You get such a different sense of just what the virus means when you look at it generally than when you look at it locally, And, of course, you get a different sense entirely when you focus on what it feels like than you do when you pay attention to what it looks like.
I’d like to reflect today on what the pandemic looks like as if I were looking at it from different heights.  The numbers are not entirely random because I want to end at six feet (my current height, alas; I have lost an entire inch), so I am just choosing 600 feet, 6000 feet, and 60,000 feet as approximations.
You see something like this at 60,000 feet. Regardless of where it started or why, it is going to spread most rapidly to the places who do not have the resources to defend their populations against it and to the places who do have the resources but are slow in deploying them.
On the first measure, you could superimpose a map of the COVID-19 infections on a map of extreme global poverty and see what you expect to see.  On the second measure, you could look at the deaths in Italy, a very slow responder, and in Germany, a very fast responder.
At 6,000 feet you see a lot of Portland. Governor Brown was quick to put all of Oregon on lockdown. She very likely saved a lot of lives by doing that, but she eviscerated the local economy and that is what is easiest to see as you walk around. Portland is a ghost town in many ways. On the other hand, the homeless camps look pretty busy and the number of homeless who ride the light rail cars in order to get warm are still high. I judge that from the outside of the cars because I can afford to be prudent and not ride the light rail. Real poverty seems to diminish “prudence.”
On the other hand, you still see people out walking, most with face masks on and there in an undeniable camaraderie that reminds me of World War II. None of the people in my little town in Ohio chose to go to war, but the war was the context of our lives then. There was no denying that “there was a war on,” as it was said, and everyone was expected to make some sacrifices.
At 600 feet I can see Holladay Park Plaza (HPP) , where I live. We are one of fourteen Continuing Care Retirement Centers (CCRCs) administered by Pacific Retirement Services (PRS) and the whole “family” of PRS centers went on lockdown early. Our Executive Director at HPP has been marvelous in directing a lot of unpopular actions and showing at the same time a clear compassion for the residents who are caught up it all this. It isn’t convenient, I can tell you, but there have been no positive tests for the virus at all among the 280+ residents and that is something to say for a place full of compromised immune systems.
Here at HPP we are doing without most of the social contact for which we are justly famous. We are using the elevators one at a time. Face masks are everywhere, as are the seamsters and seamstresses who provide them.  We are having a lot of “meetings” by using social conferencing apps no one had heard of a month ago.  I will begin a Bible study on Genesis 1—3 today, working from the dining room table and seeing the faces of my fellow residents on the screen. On Monday, a group which has been working on revising the HPP Bylaws, will “meet” virtually to continue our work.
I would expect that tempers will begin to fray as the weather gets good and the stresses of confinement grow, but in the absence of anyone to blame, I think patience and good manners will carry us through.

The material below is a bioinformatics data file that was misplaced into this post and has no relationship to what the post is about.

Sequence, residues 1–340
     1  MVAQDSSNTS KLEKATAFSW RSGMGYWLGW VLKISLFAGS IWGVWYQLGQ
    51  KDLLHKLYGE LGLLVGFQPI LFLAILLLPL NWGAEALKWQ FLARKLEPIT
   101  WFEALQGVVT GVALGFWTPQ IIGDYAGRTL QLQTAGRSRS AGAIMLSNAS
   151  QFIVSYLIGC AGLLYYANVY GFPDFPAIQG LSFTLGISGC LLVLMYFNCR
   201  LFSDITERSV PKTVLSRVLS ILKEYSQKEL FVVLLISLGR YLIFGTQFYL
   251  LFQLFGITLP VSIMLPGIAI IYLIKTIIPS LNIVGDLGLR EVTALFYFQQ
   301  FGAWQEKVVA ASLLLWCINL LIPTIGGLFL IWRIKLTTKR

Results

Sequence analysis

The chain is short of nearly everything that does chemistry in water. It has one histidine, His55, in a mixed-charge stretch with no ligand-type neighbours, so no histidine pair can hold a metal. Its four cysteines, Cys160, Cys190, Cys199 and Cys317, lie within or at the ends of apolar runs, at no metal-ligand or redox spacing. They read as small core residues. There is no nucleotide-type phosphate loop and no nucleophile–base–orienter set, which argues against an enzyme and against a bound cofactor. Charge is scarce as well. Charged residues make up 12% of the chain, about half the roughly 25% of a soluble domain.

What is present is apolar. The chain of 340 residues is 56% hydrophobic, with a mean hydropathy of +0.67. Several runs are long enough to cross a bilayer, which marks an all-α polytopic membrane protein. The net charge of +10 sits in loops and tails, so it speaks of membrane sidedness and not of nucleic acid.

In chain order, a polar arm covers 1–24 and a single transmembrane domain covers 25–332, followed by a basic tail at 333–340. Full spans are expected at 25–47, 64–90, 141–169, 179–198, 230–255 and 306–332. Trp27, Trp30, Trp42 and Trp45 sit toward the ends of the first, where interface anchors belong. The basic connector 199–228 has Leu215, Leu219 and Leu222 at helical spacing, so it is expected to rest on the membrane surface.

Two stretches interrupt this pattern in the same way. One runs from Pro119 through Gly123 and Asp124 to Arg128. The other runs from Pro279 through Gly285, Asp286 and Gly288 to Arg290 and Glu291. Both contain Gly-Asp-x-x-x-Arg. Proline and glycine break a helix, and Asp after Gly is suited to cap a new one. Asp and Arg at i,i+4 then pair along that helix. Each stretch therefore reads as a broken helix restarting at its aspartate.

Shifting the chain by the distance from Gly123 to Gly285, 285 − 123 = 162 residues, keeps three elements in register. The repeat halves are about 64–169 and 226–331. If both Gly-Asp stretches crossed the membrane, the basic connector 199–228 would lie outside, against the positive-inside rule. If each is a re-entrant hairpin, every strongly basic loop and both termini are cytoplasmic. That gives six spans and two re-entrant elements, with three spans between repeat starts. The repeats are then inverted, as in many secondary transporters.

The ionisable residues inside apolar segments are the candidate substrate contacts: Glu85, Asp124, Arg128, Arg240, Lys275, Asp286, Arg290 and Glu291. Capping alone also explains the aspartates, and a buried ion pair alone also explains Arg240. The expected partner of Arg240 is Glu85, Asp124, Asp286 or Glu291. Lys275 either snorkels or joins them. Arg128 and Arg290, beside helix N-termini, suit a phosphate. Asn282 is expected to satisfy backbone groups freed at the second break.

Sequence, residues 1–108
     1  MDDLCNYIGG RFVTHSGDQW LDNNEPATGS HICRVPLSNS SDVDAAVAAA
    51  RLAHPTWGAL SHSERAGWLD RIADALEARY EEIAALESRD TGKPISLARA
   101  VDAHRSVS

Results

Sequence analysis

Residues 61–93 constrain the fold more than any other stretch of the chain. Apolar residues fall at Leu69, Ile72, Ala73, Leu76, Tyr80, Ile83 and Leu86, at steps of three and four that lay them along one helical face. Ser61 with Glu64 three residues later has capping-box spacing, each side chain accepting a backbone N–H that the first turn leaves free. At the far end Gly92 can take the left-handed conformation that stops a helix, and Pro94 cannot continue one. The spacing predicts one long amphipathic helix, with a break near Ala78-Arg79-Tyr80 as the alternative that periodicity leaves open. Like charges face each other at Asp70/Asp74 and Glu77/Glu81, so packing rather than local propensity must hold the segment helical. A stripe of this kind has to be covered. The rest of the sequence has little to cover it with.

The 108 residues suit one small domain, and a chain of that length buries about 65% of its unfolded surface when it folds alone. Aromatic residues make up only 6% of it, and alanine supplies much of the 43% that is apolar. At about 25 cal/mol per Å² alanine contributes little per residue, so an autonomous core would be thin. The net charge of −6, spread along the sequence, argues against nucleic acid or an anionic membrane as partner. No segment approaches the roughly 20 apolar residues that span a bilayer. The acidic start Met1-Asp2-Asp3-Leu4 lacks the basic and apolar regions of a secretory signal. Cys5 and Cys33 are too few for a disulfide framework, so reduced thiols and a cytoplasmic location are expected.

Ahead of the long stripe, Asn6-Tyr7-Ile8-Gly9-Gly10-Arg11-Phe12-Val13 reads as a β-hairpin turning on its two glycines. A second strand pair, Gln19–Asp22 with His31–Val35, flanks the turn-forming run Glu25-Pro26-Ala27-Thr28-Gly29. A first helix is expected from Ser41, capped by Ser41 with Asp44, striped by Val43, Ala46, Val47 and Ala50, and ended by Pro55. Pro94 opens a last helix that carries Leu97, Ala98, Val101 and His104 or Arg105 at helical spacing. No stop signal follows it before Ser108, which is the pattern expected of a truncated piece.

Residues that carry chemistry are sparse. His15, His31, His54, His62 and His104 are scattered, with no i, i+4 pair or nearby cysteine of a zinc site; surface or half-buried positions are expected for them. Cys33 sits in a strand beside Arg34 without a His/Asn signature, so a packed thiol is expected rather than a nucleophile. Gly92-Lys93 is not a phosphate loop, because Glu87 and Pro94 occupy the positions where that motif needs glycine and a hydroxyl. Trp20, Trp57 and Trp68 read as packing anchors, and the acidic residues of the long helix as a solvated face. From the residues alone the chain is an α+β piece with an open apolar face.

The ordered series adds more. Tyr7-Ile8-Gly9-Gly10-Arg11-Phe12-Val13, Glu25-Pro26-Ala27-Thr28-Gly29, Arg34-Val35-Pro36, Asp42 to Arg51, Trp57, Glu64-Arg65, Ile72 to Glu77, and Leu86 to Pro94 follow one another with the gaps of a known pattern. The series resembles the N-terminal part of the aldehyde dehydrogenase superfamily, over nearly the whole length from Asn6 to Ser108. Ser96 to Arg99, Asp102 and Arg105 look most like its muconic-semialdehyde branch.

The six foot view is about managing my own life under the circumstances. Beyond being diligent about getting my exercise, I am trying to stay attached to things to do—“projects” is the name I use for such things —and to the people I do them with. I am being pretty aggressive (for me) in participating in Zoom-mediated meetings and I have the sense of really being “with” people that way. My Starbucks group has been meeting virtually for weeks now and, although no one would think it as good as the original, it is vastly better than not seeing these good friends at all.
Finally, I do hope that I will remember some of the things we were forced to invent. I love my routines. They keep my mind free to think about other things. But it would be ridiculous to think that the routines I happened on or chose without much thought are the best ones I could have. The virus has forced me into new routines and some of them are going to be better than the old ones. I hope I will have the wit to notice them and the good judgment to keep them even when I am no longer forced to do so.
The virus is a stressor. It is too much in some places and too little in others. Responding well to the stress level we experience (the 60,000, 6000, 600, and 6 foot levels) will serve us all in the long run.
I owe the metaphor to David Christian’s lectures on “Big History.”He uses an ant exploring one of the creases in the ear of an elephant.Eventually the ant goes up in a helicopter and gets an entirely unexpected view of the elephant and possibly…maybe…a look at the crease where he and all his forebears has spent their whole lives.
 It doesn’t always show what you expect because rich countries have so much more travel than poor ones and living is sparsely populated lands minimizes the spread of the disease.
 Just having fun with seamsters. It’s an era of gender equality, after all.
 Zoom has been the most common one here.
I “throw myself forward” (pro = forward, attached to jacere, “to throw”) into these “things to do” and it keeps me conscious that being “diverted” or “entertained” is not the way I want to life my life.